Lookup tables are easy enough to implement but you may come across the issue that you wish to shard your lookup table. The irony of that situation is intense at times. Fortunately, your fallback plan can be to use cells of lookup tables where you buy enough nodes within a cell that no single customer on the system could reasonably cause bottlenecks. By the time you need that you will understand your infrastructure fairly well anyway to know that exact number.
This sucks but people scale this way. It’s fairly simple: you shard users anyway you want, if a node is seeing problems you migrate some of the data away. If you’re willing to accept the tediousness of data migration then there’s all kinds of solutions to scaling.
Consistent hashing on a ring
Consistent hashing on a ring is interesting and a lot of NoSQL type datastores use it (Cassandra, Riak, etc.). The idea is that you have a ring that is numbered 0 to a huge number (2**64) and the piece of data is assigned a number on that ring. As you add new nodes to the system they are given a number on that ring and they will basically be declared as the owner of certain range of tokens on that ring (e.g. 0 – 1M).
Check out the picture from project voldemort:
Please be aware there are many issues with this but it primarily works well (in my opinion) in caching situations (e.g. memcache). If any node in the ring is added or disappears the data will have to shift making you lose some level of consistency. In caching, this is relatively okay as long as you can avoid the stampeding.
Outside of caching where you need persistency, data must migrate. There’s a concept of vnodes that riak employs to get around this. Cassandra does not use vnodes however. We deprecated Cassandra from our stack specifically because it was difficult to have proper node balance as some nodes would have more data than others. The solution for Cassandra is to continuously double your infrastructure in order to get even data distribution or move nodes around to new tokens on the ring (extremely tiresome).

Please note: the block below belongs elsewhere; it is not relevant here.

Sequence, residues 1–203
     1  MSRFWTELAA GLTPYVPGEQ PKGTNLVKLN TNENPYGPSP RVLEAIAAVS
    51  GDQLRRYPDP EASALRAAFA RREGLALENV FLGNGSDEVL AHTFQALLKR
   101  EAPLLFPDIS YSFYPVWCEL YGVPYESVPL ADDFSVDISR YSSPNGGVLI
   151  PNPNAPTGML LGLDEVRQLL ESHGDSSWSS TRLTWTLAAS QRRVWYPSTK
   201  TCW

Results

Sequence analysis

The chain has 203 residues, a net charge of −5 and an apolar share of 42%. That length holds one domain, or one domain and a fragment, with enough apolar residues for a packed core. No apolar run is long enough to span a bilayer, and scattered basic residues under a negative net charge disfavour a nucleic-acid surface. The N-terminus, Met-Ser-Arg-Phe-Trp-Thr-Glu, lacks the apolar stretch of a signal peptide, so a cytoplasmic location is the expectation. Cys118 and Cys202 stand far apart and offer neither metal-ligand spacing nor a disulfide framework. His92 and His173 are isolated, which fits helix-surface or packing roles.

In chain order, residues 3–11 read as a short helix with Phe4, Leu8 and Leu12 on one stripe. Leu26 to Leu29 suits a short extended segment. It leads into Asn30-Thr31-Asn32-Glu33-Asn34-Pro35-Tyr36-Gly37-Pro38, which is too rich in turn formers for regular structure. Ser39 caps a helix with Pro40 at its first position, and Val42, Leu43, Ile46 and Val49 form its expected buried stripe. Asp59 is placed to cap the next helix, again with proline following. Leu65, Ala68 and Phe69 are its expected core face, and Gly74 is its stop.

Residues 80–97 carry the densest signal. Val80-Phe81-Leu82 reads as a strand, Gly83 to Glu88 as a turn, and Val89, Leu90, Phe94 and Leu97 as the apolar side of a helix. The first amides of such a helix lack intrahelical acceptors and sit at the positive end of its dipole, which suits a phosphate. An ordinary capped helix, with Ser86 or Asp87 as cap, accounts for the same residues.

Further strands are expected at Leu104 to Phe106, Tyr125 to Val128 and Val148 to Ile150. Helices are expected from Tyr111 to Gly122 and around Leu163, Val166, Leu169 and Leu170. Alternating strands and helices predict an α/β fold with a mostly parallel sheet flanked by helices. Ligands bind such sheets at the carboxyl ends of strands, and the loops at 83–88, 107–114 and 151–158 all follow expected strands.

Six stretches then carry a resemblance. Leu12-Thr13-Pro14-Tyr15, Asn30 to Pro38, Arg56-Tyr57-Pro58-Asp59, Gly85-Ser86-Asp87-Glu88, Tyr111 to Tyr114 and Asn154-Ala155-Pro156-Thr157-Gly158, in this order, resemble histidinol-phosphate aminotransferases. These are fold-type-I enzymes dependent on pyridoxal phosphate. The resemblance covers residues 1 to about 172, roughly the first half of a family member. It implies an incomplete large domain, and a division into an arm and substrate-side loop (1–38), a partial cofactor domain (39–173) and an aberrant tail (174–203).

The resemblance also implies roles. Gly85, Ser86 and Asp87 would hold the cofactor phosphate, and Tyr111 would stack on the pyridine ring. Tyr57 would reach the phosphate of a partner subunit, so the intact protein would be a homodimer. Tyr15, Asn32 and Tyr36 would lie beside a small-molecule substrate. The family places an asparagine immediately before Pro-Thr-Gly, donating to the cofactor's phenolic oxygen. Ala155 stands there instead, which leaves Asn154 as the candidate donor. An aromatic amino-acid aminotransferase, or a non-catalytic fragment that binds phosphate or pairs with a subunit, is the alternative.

Tips and tricks
Read repairing is great when things go bad or you wish to migrate data in a less tedious way. The idea is that every time new data is written, you map it to the new shard, and then write it to the new shard as you normally would. Anytime old data is updated or read you re-map it to a new shard_id and write it to the new shard_id. Of course, anytime data is read you always check the new shard, if it exists, great, but if not, then you must check the old shard.
- Is data in new shard? Yes: Return it. No: Ask old shard.
- Is data in the old shard? Yes: Write it to new shard and return it. No: Does not exist or if you’re writing something you must write it to the new shard.
Eventually, you will hit a point where 99% of reads/writes are occurring on your new node.
Write flags can be employed in many partitioning scenarios such as in lookup tables, cells, or even routing. The idea is that once a node appears to be hitting capacity you stop writing any new data to it. For example, at Mixpanel when we see nodes in our system reaching a certain threshold of iowait we will stop writing new data to that node (old data that is currently mapped to it continues to be written) but new data will be sharded to new less loaded nodes in our infrastructure.
If you have any sharding techniques that I have not talked about here that are more novel please talk about them in comments because we’d love to hear them. If you find yourself needing to use any of these techniques on the web, it is generally a sign of success!